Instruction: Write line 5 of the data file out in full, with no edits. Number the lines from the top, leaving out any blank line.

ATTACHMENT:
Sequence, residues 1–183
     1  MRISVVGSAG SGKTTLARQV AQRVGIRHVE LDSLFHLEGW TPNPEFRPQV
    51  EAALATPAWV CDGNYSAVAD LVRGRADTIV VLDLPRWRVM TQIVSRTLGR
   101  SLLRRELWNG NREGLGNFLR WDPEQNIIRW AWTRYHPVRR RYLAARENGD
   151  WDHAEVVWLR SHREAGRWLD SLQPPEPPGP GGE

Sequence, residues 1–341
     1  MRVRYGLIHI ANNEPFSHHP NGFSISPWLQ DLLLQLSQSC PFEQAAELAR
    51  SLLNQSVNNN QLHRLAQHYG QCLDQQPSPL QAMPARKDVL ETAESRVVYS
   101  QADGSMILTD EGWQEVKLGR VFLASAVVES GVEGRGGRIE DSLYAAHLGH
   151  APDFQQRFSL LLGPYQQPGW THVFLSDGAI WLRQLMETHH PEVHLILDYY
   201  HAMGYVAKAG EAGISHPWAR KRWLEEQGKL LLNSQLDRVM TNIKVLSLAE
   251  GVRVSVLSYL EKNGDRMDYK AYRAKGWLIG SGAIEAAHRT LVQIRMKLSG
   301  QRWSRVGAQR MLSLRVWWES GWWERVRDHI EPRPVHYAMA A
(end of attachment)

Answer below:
   151  WDHAEVVWLR SHREAGRWLD SLQPPEPPGP GGE